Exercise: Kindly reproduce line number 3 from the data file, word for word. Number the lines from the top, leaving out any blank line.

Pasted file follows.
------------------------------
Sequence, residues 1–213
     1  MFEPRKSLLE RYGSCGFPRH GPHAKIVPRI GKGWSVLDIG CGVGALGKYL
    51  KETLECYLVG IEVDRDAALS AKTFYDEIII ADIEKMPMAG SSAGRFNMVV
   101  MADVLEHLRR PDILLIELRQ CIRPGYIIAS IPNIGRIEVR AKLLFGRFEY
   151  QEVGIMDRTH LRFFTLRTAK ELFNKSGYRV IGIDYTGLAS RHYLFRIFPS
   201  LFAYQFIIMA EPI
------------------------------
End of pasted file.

    51  KETLECYLVG IEVDRDAALS AKTFYDEIII ADIEKMPMAG SSAGRFNMVV